Review of Dwight Yoakam: A Thousand Miles from Nowhere
If you take your country music seriously, you need to put Dwight Yoakam: A Thousand Miles from Nowhere, at the top of your To-Be-Read stack. Music critic Don McLeese has written the definitive and, surprisingly, the first book about the country music phenom who has sold more than 25 million albums worldwide including 12 gold albums, 9 platinum or multi-platinum, and the triple platinum “This Time.”
McLeese has left no stone unturned when it comes to researching Yoakam’s musical oeuvre, and each chapter is filled with the kind of minutia that clearly took years of research. It’s not a biography, so you won’t find much about his inner demons or who he’s dated, but McLeese does touch on Yoakam’s formative years spent in Columbus, Ohio. Apparently, Yoakam was quite a fan of the Monkees, believe it or not, and McLeese explains why this makes perfect sense. He also digs deep to explain why the Los Angeles’ punk-music scene was important to Yoakam’s early success. Throughout the book, he rebukes critics who question Yoakam’s authentic country artist status citing, among other reasons, his slick performances and skin-tight jeans.
The book is full of insider info gleaned through hours and hours of interviewing Yoakam and his compatriots. One of the more surprising things I learned is that, although Yoakam sings about hitting the bottle, he has never let a drop of alcohol pass over his lips. Nor drugs. His religious upbringing instilled in him his teetotaling ways and also informed his music writing. Yoakam says, “My family read the Bible constantly, and it gave me the ear for rhyming schemes.”
You’ll really enjoy McLeese’s particular bent on the music scene, such as when he describes blues purists as “self-appointed Caucasian arbiters of what qualifies as authentic black expression.” Talk about hitting the nail on the head and not mincing words! His breadth of music knowledge is across the board and especially evident in his observations of various Yoakam songs such as when he says, “…the melody suggests something out of the Lovin’ Spoonful. And the Chet Atkins-style picking of “These Arms” recalls that goodtime band’s Nashville Cats,” which of course was homage to an era of country classicism…The opening steel run of “Same Fool” evokes the “Rainy Day Woman” of Waylon Jennings, the following “The Curse” proceeds at a Johnny Cash lope.” And on and on. McLeese is a music devotee and it shows over and over again across the pages of this exhaustive compendium of a book.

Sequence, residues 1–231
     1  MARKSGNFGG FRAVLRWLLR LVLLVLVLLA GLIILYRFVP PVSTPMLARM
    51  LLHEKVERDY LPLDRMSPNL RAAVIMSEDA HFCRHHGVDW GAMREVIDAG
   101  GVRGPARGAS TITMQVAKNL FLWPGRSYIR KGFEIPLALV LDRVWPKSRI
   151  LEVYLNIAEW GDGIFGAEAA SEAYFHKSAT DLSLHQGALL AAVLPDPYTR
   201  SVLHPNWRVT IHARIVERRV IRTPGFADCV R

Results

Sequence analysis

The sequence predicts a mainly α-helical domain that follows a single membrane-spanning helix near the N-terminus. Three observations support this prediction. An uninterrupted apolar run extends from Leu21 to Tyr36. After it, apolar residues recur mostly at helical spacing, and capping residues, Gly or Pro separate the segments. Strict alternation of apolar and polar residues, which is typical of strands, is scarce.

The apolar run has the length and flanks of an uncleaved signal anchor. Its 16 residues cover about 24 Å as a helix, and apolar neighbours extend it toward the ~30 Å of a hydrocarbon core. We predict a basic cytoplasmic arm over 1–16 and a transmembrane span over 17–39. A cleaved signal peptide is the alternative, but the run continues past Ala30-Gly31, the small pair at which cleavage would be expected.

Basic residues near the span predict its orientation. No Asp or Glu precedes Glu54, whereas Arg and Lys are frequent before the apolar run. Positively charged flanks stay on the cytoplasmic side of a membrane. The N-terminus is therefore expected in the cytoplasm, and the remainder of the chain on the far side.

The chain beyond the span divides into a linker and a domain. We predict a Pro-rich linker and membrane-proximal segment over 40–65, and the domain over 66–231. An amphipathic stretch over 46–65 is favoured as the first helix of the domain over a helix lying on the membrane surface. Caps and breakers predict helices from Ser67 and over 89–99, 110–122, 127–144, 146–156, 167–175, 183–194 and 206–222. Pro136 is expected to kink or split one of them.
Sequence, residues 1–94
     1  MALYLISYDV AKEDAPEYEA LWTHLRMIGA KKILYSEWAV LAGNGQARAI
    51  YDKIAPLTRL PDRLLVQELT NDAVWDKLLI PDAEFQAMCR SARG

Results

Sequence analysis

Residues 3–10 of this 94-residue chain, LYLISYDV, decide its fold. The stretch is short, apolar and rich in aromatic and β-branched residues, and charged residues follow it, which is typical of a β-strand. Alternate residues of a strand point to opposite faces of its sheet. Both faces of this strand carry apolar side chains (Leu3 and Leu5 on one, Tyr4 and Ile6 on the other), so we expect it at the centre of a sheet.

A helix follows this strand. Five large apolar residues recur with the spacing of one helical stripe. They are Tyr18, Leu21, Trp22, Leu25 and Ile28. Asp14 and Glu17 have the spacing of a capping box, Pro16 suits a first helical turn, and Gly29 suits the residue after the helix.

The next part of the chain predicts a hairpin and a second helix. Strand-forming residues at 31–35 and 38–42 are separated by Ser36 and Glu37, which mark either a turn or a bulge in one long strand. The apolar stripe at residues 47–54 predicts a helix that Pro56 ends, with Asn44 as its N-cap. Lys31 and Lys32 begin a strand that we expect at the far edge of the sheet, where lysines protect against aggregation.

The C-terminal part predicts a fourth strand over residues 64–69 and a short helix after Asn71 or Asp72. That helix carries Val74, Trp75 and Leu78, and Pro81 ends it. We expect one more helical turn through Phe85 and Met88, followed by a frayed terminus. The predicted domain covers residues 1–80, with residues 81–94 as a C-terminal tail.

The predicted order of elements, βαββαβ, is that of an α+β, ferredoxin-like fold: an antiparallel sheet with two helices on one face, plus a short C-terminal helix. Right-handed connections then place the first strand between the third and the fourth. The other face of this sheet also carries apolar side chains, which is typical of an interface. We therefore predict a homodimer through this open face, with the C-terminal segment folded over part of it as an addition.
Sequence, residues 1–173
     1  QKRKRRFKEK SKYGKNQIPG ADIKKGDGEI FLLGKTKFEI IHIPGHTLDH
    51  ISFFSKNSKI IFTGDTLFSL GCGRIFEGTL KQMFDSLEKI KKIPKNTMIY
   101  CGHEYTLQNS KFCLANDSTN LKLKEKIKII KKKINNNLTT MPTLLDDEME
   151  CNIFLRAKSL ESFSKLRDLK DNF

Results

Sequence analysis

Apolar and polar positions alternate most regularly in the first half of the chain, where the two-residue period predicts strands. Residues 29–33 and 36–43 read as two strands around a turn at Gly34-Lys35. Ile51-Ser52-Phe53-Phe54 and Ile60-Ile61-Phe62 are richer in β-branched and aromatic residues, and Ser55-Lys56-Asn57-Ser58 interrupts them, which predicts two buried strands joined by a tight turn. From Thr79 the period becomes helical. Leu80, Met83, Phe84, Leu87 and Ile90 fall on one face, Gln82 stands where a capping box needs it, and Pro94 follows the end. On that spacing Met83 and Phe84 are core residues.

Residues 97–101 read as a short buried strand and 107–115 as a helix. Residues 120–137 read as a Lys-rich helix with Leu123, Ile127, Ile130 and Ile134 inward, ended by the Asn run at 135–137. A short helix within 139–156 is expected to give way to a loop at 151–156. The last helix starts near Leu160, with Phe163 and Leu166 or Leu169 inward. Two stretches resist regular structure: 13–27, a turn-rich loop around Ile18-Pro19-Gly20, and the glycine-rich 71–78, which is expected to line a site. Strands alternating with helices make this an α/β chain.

If, per chance, you haven’t experimented with country music yet, this book might convince you to at least give a listen to Yoakam whose music has been described as a combination of many musical genres including rock and roll, rockabilly, jazz, and grassroots. According to McLeese, his concerts have always attracted fans who “never listened to contemporary country radio and rarely went to other country concerts.” Everyone from indie-rockers to hardcore country lovers, agree that Dwight Yoakam is The Man and after reading McLeese’s book, you’ll understand why.
Although McLeese is obviously a fan of Yoakam’s, this book, which he refers to as a “labor of love,” is a serious piece of musical criticism. You will come away with a clear understanding of Yoakam’s “artistry, impact, aura, and legacy.”
Don McLeese was formerly the pop music critic for the Chicago Sun-Times and the Austin American-Stateman, as well as country music columnist and frequent contributor to Rolling Stone and a senior editor for No Depression. He lives in West Des Moines, Iowa, and currently teaches journalism at the University of Iowa.
DISCLOSURE: My musical education began more than 40 years ago under the tutelage of Don and Richard McLeese to whom I owe a huge debt of gratitude. Together we attended and enjoyed more concerts than I can count or remember, for that matter. It began what has turned into a life-long love of music that has enhanced my life more than words can express.